How do lizards drop their tails?
Imagine if you could drop an entire limb and have it grow back later? It's a nifty evolutionary trick – but how does it work? We asked an expert.
A LIZARD SEVERS its tail as a self-defence mechanism in order to distract its predator – this is known as autotomy (literally from the Greek 'self' and 'sever') or self-amputation.
Lizards are born with a line of weakness in their tail, technically called a fracture plane. If a point on the tail is hit or stressed, the muscles along the fracture plane pull away from one another rather than knitting together – this is known as a reflex muscle spasm. The pulling apart of the muscles causes the tail to fall off along the line of weakness.
Lizard tail autotomy has developed so that when the tail breaks there is no blood loss, and the tail regrows over six months to a year. The tail skeleton is replaced by a rod of cartilage with new muscles growing along it, producing a replacement tail that is usually shorter and less coloured compared with the original.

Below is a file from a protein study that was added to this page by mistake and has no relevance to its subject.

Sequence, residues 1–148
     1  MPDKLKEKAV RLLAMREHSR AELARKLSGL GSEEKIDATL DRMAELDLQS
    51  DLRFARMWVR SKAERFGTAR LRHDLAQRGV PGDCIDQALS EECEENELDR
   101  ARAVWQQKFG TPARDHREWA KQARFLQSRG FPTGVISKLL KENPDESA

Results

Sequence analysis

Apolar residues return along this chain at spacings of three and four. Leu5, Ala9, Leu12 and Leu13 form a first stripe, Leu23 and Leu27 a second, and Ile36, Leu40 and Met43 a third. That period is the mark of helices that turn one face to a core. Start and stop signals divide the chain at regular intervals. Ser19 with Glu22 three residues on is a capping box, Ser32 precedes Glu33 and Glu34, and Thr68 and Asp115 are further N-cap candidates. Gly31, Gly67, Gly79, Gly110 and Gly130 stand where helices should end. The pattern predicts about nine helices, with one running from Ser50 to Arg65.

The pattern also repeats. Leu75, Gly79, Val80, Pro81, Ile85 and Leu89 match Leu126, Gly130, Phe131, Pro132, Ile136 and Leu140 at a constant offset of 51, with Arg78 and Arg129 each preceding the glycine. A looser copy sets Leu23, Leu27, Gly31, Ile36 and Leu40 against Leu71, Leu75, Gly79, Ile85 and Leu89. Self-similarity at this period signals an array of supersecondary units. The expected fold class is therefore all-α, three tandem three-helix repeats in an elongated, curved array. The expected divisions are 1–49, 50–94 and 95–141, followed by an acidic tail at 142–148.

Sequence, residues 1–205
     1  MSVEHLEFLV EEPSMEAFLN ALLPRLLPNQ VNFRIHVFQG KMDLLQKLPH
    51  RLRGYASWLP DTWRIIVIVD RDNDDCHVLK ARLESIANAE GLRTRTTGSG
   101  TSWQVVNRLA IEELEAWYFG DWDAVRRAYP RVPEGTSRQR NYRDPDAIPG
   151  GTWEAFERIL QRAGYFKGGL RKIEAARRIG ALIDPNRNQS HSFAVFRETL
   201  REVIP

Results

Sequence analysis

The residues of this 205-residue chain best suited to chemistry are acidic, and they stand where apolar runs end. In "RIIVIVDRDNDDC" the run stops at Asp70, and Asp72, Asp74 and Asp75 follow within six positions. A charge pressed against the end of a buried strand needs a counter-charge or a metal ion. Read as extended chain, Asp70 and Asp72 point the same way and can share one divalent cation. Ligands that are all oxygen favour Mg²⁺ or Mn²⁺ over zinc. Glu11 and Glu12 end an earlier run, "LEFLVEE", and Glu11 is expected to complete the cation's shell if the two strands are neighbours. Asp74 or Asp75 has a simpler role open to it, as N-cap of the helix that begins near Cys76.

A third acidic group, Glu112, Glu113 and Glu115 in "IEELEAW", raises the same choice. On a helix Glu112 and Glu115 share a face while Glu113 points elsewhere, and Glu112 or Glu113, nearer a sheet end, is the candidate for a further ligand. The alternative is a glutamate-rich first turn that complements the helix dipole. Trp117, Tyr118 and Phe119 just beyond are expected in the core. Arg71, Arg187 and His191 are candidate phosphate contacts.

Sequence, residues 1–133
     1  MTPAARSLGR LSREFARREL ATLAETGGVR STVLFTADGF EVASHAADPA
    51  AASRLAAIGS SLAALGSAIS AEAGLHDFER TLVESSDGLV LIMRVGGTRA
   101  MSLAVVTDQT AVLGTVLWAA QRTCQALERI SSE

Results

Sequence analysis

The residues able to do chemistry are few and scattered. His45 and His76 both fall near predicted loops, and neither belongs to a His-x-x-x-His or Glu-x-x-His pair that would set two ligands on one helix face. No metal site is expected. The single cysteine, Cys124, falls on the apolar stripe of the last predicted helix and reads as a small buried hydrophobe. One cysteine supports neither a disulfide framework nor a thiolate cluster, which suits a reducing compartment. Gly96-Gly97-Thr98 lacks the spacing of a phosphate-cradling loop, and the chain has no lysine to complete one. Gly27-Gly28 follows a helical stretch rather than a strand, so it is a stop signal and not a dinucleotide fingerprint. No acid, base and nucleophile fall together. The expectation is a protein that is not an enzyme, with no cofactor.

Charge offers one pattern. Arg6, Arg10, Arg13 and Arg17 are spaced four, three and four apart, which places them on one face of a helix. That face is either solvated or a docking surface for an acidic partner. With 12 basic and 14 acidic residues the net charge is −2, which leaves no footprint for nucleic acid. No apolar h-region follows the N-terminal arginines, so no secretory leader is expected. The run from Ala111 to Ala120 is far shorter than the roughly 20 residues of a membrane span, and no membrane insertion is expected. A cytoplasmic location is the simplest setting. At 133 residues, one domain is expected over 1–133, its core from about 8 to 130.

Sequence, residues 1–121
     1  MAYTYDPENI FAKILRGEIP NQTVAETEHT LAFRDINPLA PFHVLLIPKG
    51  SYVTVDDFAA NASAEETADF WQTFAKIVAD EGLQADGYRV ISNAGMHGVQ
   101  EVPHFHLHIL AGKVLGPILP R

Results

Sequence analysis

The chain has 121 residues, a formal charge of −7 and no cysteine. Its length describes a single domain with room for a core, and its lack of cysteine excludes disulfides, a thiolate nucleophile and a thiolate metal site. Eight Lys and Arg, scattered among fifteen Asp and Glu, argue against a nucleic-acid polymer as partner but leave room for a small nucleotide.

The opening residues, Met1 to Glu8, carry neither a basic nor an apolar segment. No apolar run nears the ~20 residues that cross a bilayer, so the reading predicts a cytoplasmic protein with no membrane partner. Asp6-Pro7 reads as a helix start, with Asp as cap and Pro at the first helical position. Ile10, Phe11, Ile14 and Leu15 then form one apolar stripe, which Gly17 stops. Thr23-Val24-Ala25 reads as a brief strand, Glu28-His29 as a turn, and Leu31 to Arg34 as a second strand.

Lizards aren't the only animals capable of self-amputation. Over 200 species of invertebrates are capable of using autotomy for self-defence, and it's even a beahviour known to be used by mammals – at least two species of African spiny mice can release skin upon being captured by a predator, and later regenerate the lost skin (hair follicles, sweat glands, fur, cartilage and all) with little or no scarring.
Dr Mark Hutchinson is a senior researcher at the South Australian Museum.
- GALLERY: Australian skinks
- Top 10 ingenious Aussie animal adaptations
- Bearded dragons switch colour to match surroundings